displaying and printing out results, said results comprising said price.
Description
BACKGROUND OF THE INVENTION

1. Technical Field

The present invention relates to Internet websites, and more specifically to web pages organized in such a way that a user can browse through available types of disc wire mesh products of a particular supplier and purchase it.

2. Description of the Prior Art

Wire mesh and wire cloth come in many different combinations of weave, material, mesh sizes, wire diameters, and welding. Discs are die-cut from rolls of wire mesh and wire cloth, and are used in many filter applications. Although hundreds or thousands of different combinations of wire type, sizes, weaves, etc., are possible, it may not be practical for a particular supplier to offer all the combinations. Particular combinations of weave, material, mesh sizes, wire diameters, and welding may not manufacturable, e.g., a wire diameter that is so large the mesh openings are closed up or exceeded.

Buyers can often make ordering mistakes in selecting a wire mesh or wire cloth discs because the impossible or unavailable combinations are sometimes too subtle to understand. Ordering the wrong thing can be frustrating for all those involved. The Internet now makes it possible for users to log onto a business' website to select and order products.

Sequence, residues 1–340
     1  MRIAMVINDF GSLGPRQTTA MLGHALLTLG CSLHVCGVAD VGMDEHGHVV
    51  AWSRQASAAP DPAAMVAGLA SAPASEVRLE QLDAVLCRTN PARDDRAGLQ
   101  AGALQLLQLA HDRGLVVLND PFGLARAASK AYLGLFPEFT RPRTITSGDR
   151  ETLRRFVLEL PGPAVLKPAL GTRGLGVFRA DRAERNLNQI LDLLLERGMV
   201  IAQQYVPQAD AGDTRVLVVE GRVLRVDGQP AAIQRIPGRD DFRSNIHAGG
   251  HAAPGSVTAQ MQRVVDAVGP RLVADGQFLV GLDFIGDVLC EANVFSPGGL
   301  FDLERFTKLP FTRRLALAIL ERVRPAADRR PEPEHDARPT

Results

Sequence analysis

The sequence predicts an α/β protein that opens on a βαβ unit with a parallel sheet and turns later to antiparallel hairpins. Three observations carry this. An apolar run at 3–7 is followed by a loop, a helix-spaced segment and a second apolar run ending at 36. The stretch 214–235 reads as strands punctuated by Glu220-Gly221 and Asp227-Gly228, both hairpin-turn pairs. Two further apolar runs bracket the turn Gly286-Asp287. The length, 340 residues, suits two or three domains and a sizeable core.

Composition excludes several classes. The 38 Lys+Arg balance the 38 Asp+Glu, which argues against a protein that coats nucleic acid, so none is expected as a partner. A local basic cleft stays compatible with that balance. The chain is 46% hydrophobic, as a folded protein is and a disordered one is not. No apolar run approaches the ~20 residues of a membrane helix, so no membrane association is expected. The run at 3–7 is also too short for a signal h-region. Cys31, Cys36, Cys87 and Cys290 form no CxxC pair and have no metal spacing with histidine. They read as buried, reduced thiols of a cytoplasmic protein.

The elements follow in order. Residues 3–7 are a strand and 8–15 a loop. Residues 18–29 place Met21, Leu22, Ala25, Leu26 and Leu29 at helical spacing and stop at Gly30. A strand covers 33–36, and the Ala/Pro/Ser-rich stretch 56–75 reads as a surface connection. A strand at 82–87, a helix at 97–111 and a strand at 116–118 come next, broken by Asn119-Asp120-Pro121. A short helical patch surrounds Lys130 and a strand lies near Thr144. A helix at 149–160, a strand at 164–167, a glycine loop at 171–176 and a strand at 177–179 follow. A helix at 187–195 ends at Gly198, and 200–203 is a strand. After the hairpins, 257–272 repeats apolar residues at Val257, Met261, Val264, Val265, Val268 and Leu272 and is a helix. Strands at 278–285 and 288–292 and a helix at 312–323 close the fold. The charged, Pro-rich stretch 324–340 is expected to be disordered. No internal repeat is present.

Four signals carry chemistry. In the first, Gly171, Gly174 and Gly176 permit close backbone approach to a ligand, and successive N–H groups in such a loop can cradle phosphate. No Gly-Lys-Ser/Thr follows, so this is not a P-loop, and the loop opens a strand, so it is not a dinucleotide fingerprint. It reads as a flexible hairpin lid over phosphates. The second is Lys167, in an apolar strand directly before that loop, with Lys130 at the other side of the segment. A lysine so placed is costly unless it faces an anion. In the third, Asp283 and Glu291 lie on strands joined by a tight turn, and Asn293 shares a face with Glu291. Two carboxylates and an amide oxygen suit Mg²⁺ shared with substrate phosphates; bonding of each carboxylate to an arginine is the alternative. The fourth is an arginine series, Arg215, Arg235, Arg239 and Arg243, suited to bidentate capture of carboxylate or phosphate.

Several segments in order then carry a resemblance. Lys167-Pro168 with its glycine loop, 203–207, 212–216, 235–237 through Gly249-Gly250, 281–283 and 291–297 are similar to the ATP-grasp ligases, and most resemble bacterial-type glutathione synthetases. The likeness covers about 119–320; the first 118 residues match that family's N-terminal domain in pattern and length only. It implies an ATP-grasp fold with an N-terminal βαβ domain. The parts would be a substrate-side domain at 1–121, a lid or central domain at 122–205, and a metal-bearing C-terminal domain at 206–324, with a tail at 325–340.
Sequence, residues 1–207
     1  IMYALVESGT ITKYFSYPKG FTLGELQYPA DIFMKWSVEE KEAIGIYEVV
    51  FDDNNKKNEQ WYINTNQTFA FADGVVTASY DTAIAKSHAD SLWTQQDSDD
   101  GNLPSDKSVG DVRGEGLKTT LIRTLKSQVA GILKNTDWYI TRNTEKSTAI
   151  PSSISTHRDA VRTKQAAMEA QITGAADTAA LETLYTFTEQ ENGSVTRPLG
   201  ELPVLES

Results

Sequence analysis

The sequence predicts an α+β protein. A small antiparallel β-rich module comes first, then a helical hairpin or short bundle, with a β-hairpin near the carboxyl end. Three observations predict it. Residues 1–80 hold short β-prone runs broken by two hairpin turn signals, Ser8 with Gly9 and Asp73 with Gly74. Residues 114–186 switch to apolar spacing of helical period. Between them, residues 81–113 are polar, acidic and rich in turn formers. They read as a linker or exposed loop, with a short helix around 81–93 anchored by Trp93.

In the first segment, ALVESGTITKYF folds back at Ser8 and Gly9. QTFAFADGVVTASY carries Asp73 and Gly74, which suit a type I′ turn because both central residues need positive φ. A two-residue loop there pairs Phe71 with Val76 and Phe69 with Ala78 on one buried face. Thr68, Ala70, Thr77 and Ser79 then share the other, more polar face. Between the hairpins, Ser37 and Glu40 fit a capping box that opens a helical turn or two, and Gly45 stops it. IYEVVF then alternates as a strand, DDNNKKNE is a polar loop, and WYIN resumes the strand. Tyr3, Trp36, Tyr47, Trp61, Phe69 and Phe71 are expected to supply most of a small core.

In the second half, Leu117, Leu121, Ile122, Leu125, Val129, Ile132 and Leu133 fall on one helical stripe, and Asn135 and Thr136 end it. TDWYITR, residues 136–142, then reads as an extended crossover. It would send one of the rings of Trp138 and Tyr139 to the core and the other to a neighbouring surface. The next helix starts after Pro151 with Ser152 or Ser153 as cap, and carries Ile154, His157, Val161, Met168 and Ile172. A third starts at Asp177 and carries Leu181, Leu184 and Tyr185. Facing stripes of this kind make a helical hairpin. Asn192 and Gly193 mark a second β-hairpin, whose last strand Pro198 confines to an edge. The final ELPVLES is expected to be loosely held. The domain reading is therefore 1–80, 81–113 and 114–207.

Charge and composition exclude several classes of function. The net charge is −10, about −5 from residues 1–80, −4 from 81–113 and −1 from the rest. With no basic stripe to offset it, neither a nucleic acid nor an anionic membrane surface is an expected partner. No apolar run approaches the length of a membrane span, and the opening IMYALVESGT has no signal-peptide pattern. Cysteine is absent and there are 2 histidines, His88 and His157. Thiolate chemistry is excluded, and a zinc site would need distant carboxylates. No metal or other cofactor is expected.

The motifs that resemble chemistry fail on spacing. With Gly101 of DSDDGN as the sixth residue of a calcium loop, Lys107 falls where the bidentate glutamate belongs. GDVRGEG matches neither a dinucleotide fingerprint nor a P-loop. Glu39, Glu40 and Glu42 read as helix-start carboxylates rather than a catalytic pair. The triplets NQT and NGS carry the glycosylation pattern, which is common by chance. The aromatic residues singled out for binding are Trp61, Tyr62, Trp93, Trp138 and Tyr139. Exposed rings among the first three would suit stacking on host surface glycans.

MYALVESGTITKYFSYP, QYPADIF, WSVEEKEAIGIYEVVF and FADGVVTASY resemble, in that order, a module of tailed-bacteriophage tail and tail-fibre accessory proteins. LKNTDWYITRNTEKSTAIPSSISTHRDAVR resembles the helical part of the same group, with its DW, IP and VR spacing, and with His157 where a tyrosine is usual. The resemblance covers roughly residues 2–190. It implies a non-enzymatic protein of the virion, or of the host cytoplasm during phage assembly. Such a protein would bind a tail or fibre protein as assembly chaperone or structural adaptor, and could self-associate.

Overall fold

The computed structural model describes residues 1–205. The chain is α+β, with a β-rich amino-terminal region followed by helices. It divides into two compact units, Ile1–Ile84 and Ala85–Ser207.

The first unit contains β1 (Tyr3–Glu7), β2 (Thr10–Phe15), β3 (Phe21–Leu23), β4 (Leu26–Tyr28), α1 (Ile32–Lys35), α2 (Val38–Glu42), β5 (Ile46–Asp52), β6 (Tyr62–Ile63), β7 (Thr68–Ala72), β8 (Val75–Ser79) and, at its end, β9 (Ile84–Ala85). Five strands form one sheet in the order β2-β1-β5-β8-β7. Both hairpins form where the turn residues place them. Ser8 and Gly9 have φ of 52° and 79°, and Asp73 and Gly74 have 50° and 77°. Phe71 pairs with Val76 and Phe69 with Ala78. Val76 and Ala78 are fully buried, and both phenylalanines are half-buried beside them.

Suppliers like TWP, Inc. (Berkeley, Calif.) offer at least three families of mesh materials, e.g., woven wire mesh, welded stainless steel mesh, and galvanized hardware cloth. The woven wire mesh includes a range of traditional to ultra-fine, high-tech alloy, screen materials. The welded stainless steel mesh is a strong, precise material with an accurate grid pattern and relatively large holes. The galvanized hardware cloth includes a range of steel mesh protected by a heavy-duty zinc coating, e.g., for use in outdoor and industrial environments. Such materials are conventionally stocked in 36-inch and 48-inch wide rolls in 100-foot lengths. But rolls up to 300-inches wide can be bought on special order.

Wire cloth is the proper name for what is commonly called screen or mesh. Such material is known for its high strength, wear resistance, ability to withstand high temperatures, and long service life. Wire cloth is woven like textile cloth. So-called market grade wire cloth are woven wire meshes suitable for general purpose work.

Materials that can be used include stainless steel type 304, brass, copper. A line of special woven meshes are available in stainless steel type 316, aluminum, bronze, inconel, nickel, steel and epoxy-coated steel. The user's choice of metal is determined by the product-operation environment and constraining cost considerations.

The wire-mesh hole size, e.g., the distance between two adjacent parallel wires, is a function of both the mesh count and wire diameter. Changing either will change the opening size. The usual opening sizes vary from one-inch openings down to microscopic. The choice of a wire-mesh opening size is determined by the desired sizes of objects to be retained or allowed to pass through. The mesh is the number of openings in a linear inch, measured from the center of one wire to a point one-inch distant.